EU aviation wonks give all-electric training aeroplane the green light – but noob pilots only have 50 mins before they have to land it

Alan Brown Silver badge

Re: Reserve power?

"Lithium-Air batteries have a theoretical specific power of 11.4 kW/kg, compared to the theoretical maximum of 11.99 kWh/kg for Jet A-1, so very close."

They have a slight problem in the _rate_ that they can deliver that energy though.

Alan Brown Silver badge

Re: Reserve power?

"Wasn't there some scam recently where somebody tried selling some ignorant managers that a diesel electric airliner was possible?"


It's _possible_ that a single *core* could directly drive an attached fan and an electrically coupled one (although it might make more sense to just use a generator and drive 2 electric fans, or find a way of mechanically linking the second fan)

This has been advanced as a way of trying to avoid the never-ending growth of fans on wings, but I suspect it's chasing the wrong rainbow

Alan Brown Silver badge

Re: Can't Wait

" It gets blooming noisy here on training days "

Combatting this is one of the primary aims of electric trainers.

The fact that those vintage technology Lycoming engines need servicing every 50 hours and tearing down to the last nut and bolt every 5000 hours makes them _extremely_ expensive propositions.

For training aircraft like a Piper Tomahawk, when soloing fuel is only about 20% of the overall operating cost. The labour costs of the engine and wings eat up 90% of the rest.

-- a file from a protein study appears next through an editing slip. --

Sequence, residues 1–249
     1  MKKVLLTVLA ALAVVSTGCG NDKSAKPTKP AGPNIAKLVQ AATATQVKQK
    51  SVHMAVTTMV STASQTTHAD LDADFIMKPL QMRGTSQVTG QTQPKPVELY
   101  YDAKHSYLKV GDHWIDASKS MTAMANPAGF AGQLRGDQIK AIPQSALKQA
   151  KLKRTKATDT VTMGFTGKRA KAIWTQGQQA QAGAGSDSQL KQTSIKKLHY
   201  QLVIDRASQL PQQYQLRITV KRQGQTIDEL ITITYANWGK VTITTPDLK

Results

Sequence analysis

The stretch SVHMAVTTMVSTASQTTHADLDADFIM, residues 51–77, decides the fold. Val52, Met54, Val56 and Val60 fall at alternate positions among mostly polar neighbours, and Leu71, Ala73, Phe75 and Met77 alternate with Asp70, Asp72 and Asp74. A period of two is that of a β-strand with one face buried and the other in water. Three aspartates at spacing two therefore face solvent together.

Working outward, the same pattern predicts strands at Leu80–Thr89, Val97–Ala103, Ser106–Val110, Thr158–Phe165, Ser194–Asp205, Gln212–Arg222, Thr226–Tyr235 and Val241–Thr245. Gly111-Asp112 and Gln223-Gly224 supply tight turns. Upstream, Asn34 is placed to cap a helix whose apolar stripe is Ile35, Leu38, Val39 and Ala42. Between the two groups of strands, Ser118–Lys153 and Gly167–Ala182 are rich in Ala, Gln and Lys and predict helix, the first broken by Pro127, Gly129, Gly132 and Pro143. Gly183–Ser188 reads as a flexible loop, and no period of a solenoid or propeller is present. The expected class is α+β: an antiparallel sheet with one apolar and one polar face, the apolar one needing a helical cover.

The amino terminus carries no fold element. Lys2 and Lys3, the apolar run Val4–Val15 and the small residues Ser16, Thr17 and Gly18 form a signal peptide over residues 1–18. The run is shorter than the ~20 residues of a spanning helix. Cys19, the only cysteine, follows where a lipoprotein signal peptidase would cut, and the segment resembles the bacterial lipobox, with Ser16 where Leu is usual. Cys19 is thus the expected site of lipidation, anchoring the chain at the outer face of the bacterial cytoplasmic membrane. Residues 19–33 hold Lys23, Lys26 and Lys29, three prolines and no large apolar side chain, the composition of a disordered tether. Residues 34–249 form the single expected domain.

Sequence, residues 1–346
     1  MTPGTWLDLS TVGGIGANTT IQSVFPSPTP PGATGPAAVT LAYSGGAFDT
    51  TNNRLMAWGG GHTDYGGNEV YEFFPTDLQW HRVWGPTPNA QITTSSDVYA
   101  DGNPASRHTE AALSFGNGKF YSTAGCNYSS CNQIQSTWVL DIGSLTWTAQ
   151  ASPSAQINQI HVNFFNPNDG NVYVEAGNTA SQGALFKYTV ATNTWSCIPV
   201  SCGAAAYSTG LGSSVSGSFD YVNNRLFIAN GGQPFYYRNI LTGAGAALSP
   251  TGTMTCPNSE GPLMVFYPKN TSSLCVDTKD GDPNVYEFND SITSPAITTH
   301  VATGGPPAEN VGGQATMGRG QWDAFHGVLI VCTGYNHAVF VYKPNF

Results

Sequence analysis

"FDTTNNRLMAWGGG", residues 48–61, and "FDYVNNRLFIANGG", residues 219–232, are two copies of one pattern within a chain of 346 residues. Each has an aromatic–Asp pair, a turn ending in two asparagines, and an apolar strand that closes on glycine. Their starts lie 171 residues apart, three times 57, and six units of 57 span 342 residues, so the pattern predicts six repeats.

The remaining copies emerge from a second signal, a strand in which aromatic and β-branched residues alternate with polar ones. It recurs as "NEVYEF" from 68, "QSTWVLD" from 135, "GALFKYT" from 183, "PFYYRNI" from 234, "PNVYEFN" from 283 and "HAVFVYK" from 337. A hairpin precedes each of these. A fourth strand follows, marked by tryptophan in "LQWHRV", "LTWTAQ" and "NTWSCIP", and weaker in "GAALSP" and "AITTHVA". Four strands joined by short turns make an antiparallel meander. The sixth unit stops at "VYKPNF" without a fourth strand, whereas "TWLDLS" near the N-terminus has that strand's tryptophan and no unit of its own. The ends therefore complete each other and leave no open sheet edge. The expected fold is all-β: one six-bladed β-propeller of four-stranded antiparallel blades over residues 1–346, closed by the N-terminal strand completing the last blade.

Even if an electric trainer needed to be recharged on the ground for 2 hours to get 50 minutes flying it would be a viable proposition to have 3 of them vs one conventional trainer. Longer endurance is needed for longer stuff but 50 minutes is a good duration for circuits and suchlike. I can see tradeoffs being advanced - putting more batteries in to give greater endurance at cost of restricting operation to single seat use due to MTOW/MROC limits (The Tomahawk is a good example of tradeoffs: It's cheap and only has a 110hp engine. You _cannot_ get off the ground with two average sized adults, full fuel and more than an overnight bag as baggage, but I've used it for 300 mile solo weekends away, lugging a reasonable amount of junk between family members whilst doing so)

Alan Brown Silver badge

"the Cessnas and Pipers of this world are basically using 1930s technology."

For the simple reason that piston engines were largely abandoned for aeromotive use about then. Light/ultralights tend to be on Sport/experimental licencing rather than GA, which heavily restricts what you can do with them

surprisngly it wasn't engines which was their undoing - What _really_ killed GA for the most part was litigation-happiness in the USA - airframers suffered the death of a billion papercuts because families of people killed in GA crashes sued everyone possibly involved. Even fighting off vexatious litigation is expensive

Now you've done it: Cyber attack targeted Australian brewery 'n' dairy biz Lion

Alan Brown Silver badge

Re: Don't care: Cooper's is still brewing!

"The biggest fun with beer making is bottling too early and the bottles going off in the middle of the night."

Or in the case of my father and his friends, storage sheds all over the valley doing it.

Ironically enough, within earshot of what's now the Rocketlabs launchpad at Mahia

Red Hot Chili Packets! New submarine cable to land in home of cult Sriracha sauce

Alan Brown Silver badge

Re: Transpacific

If you want hot cable packets, then it needs to land in La Havana (Habanaro) - but the USA might object


Biting the hand that feeds IT © 1998–2020